- Egner W (June 2000). "The use of laboratory tests in the diagnosis of SLE". J. Clin. Pathol. 53 (6): 424–32. PMC . PMID 10911799. doi:10.1136/jcp.53.6.424.
- Mok CC, Lau CS (July 2003). "Pathogenesis of systemic lupus erythematosus". J. Clin. Pathol. 56 (7): 481–90. PMC . PMID 12835292. doi:10.1136/jcp.56.7.481.
- Yung S, Chan TM (February 2008). "Anti-DNA antibodies in the pathogenesis of lupus nephritis--the emerging mechanisms". Autoimmun Rev. 7 (4): 317–21. PMID 18295737. doi:10.1016/j.autrev.2007.12.001.
- Hanauer SB (September 1999). "Review article: safety of infliximab in clinical trials". Aliment. Pharmacol. Ther. 13 Suppl 4: 16–22; discussion 38. PMID 10597335. doi:10.1046/j.1365-2036.1999.00027.x.
- Hyrich KL, Silman AJ, Watson KD, Symmons DP (December 2004). "Anti-tumour necrosis factor alpha therapy in rheumatoid arthritis: an update on safety". Ann. Rheum. Dis. 63 (12): 1538–43. PMC . PMID 15242866. doi:10.1136/ard.2004.024737.
- Hansen KE, Arnason J, Bridges AJ (April 1998). "Autoantibodies and common viral illnesses". Semin. Arthritis Rheum. 27 (5): 263–71. PMID 9572708.
- Reploeg MD, Storch GA, Clifford DB (July 2001). "Bk virus: a clinical review". Clin. Infect. Dis. 33 (2): 191–202. PMID 11418879. doi:10.1086/321813.
- Isenberg DA, Manson JJ, Ehrenstein MR, Rahman A (July 2007). "Fifty years of anti-ds DNA antibodies: are we approaching journey's end?". Rheumatology (Oxford). 46 (7): 1052–6. PMID 17500073. doi:10.1093/rheumatology/kem112.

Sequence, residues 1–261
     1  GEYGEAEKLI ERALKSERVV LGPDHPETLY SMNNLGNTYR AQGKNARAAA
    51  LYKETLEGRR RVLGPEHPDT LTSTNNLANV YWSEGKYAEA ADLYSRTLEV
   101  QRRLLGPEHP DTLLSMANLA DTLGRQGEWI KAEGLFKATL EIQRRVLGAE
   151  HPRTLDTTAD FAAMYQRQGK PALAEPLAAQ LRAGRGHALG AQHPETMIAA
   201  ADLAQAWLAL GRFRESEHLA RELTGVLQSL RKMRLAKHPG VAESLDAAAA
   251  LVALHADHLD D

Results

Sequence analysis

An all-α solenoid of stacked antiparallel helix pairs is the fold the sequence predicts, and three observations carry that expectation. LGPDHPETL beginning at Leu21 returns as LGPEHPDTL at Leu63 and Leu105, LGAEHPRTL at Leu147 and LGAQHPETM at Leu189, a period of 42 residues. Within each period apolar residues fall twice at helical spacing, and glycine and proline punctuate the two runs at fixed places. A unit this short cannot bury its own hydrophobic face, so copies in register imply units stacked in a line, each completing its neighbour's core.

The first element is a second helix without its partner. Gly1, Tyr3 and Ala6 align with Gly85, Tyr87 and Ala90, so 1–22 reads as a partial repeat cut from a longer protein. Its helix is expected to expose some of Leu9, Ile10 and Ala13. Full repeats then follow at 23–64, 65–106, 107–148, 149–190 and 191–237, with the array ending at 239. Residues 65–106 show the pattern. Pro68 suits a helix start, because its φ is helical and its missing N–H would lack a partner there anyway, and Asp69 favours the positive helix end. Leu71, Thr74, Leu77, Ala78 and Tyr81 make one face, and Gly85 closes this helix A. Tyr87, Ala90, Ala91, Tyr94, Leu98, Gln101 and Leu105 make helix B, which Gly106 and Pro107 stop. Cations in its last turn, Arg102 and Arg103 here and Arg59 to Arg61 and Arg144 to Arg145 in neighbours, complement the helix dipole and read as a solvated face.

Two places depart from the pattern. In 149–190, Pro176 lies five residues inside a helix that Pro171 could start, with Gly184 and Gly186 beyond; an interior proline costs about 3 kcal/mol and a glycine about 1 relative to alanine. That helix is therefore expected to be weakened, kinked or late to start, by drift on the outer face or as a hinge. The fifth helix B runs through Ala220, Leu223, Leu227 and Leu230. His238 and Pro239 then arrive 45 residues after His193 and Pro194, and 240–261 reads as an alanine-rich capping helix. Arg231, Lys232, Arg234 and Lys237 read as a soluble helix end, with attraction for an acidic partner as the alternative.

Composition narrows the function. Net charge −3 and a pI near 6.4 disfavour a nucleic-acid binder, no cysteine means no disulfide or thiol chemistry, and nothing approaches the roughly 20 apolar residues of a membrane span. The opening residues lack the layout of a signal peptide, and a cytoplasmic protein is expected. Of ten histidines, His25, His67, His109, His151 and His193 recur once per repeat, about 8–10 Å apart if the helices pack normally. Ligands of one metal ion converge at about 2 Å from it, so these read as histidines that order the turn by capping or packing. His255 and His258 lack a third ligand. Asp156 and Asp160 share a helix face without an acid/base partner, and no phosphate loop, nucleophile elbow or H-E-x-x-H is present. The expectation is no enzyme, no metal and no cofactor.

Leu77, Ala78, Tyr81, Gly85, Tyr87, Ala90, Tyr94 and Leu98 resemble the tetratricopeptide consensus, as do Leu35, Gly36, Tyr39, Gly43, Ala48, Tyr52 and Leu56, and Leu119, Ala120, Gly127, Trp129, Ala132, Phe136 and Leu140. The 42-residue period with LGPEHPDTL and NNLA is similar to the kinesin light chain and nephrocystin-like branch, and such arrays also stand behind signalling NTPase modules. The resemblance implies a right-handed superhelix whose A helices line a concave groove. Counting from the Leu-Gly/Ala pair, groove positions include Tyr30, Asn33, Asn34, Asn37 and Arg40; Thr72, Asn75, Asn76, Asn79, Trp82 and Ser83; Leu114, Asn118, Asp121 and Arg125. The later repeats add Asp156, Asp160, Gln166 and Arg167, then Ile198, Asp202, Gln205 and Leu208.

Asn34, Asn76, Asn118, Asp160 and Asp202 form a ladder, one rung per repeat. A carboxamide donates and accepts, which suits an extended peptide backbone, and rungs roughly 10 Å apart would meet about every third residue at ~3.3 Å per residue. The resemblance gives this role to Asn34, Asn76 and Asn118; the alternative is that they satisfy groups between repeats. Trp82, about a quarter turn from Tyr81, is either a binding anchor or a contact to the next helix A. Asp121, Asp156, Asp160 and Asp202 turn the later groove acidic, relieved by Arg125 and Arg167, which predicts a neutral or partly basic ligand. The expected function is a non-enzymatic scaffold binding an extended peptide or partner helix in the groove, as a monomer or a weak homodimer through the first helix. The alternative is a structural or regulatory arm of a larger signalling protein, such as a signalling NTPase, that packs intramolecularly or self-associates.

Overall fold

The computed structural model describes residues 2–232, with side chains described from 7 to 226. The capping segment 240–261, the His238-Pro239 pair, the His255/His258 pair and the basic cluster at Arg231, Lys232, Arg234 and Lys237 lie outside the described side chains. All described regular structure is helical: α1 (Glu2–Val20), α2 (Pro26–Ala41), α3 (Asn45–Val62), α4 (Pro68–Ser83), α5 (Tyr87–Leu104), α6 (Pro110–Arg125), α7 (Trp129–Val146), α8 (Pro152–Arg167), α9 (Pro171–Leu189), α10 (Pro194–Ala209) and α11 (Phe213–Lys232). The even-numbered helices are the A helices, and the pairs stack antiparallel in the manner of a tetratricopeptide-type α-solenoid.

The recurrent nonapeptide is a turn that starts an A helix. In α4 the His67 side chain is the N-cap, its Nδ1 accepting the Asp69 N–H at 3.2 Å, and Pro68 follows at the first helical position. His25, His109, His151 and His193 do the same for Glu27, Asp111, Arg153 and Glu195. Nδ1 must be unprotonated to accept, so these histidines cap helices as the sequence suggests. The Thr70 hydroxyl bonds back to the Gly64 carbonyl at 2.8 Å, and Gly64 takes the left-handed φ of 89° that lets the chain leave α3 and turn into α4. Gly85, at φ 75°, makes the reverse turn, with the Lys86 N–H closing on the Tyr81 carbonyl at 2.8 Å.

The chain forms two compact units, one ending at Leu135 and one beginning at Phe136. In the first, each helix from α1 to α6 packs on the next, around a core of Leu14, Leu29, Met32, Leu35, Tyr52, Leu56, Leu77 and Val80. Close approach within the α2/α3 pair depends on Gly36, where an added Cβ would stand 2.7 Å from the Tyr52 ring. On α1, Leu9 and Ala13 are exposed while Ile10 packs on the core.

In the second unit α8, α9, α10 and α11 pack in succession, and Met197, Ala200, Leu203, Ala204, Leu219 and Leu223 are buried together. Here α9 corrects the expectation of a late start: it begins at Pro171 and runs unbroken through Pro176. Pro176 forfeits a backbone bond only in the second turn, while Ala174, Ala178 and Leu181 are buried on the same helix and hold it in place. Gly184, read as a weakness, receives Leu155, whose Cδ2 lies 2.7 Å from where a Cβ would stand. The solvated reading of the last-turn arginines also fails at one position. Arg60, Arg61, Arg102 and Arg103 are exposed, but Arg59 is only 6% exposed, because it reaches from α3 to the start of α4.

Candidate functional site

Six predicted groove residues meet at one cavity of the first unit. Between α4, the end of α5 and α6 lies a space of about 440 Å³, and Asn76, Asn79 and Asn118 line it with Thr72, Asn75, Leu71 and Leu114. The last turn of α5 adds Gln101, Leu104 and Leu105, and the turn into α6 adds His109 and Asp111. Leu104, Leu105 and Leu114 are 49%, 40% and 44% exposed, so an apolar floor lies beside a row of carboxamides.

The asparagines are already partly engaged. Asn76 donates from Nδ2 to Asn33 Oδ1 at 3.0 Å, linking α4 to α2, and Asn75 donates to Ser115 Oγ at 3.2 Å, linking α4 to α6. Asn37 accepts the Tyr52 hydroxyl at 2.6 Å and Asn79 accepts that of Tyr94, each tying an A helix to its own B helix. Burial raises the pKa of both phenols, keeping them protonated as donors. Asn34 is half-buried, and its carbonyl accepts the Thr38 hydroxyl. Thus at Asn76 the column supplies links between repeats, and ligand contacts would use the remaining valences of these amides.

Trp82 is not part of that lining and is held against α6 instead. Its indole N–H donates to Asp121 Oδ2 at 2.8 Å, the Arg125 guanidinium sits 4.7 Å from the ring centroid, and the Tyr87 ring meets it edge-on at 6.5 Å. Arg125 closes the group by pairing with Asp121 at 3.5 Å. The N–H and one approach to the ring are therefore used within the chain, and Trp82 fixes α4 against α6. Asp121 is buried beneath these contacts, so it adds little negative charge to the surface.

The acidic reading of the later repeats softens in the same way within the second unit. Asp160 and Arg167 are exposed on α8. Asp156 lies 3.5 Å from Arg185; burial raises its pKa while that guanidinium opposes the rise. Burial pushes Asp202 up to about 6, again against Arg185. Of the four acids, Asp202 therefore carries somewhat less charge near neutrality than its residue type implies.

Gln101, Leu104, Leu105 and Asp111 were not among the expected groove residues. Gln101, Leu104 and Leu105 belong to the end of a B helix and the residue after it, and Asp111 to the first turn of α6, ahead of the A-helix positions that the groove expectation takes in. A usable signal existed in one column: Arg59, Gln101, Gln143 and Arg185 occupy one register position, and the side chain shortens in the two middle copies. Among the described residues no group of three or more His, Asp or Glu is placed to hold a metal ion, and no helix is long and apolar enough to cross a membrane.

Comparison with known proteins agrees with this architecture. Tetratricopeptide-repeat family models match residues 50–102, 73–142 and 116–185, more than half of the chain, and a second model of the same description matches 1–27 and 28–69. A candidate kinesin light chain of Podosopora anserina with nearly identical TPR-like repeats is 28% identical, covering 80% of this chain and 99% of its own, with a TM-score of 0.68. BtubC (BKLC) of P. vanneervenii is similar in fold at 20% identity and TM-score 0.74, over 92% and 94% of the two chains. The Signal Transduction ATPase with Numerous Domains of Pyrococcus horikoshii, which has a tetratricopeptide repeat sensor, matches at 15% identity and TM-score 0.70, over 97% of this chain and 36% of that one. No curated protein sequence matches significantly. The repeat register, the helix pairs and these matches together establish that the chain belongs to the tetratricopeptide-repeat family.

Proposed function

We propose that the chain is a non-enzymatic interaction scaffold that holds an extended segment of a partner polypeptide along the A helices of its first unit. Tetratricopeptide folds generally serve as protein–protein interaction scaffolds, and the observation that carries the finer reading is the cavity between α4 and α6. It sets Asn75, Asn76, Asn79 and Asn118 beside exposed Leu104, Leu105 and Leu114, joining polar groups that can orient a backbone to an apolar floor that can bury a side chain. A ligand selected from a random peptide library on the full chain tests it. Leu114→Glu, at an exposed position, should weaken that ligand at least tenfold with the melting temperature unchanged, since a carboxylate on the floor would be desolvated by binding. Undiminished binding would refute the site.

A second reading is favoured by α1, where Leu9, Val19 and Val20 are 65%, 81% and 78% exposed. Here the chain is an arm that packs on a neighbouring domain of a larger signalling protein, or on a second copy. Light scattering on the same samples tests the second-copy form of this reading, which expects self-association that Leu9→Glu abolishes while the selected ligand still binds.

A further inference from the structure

- Maya R, Gershwin ME, Shoenfeld Y (February 2008). "Hepatitis B virus (HBV) and autoimmune disease". Clin Rev Allergy Immunol. 34 (1): 85–102. PMID 18270862. doi:10.1007/s12016-007-8013-6.
- Enocsson H; Sjöwall C; Wirestam L; Dahle C; Kastbom A; Rönnelid J; Wetterö J; Skogh T (2015). "Four Anti-dsDNA Antibody Assays in Relation to Systemic Lupus Erythematosus Disease Specificity and Activity". J Rheumatol. 42 (5): 817–25. PMID 25684763. doi:10.3899/jrheum.140677.
- Nossent JC, Huysen V, Smeenk RJ, Swaak AJ (September 1989). "Low avidity antibodies to dsDNA as a diagnostic tool". Ann. Rheum. Dis. 48 (9): 748–52. PMC . PMID 2802796. doi:10.1136/ard.48.9.748.
- Lacroix M (January 2008). "Persistent use of "false" cell lines". Int. J. Cancer. 122 (1): 1–4. PMID 17960586. doi:10.1002/ijc.23233.
- Bradwell, A. R. (2003). Atlas of HEp-2 patterns and laboratory techniques. Birmingham: Binding Site. ISBN 0-7044-2437-1.
- Slater NG, Cameron JS, Lessof MH (September 1976). "The Crithidia luciliae kinetoplast immunofluorescence test in systemic lupus erythematosus". Clin. Exp. Immunol. 25 (3): 480–6. PMC . PMID 786521.
- Burnett, David; Crocker, John R. (1999). The Science of Laboratory Diagnosis. ISIS Medical Media. pp. 494–495. ISBN 1-899066-62-4.
- Yu X, Schneiderhan-Marra N, Joos TO (2011). "[Protein microarrays and personalized medicine]". Ann. Biol. Clin. (Paris) (in French). 69 (1): 17–29. PMID 21463992. doi:10.1684/abc.2010.0512.
- Avaniss-Aghajani E, Berzon S, Sarkissian A (May 2007). "Clinical value of multiplexed bead-based immunoassays for detection of autoantibodies to nuclear antigens". Clin. Vaccine Immunol. 14 (5): 505–9. PMC . PMID 17376860. doi:10.1128/CVI.00034-07.
- Kumar Y, Bhatia A, Minz RW (2009). "Antinuclear antibodies and their detection methods in diagnosis of connective tissue diseases: a journey revisited". Diagn Pathol. 4: 1. PMC . PMID 19121207. doi:10.1186/1746-1596-4-1.
- Hueber W, Utz PJ, Steinman L, Robinson WH (2002). "Autoantibody profiling for the study and treatment of autoimmune disease". Arthritis Res. 4 (5): 290–5. PMC . PMID 12223102.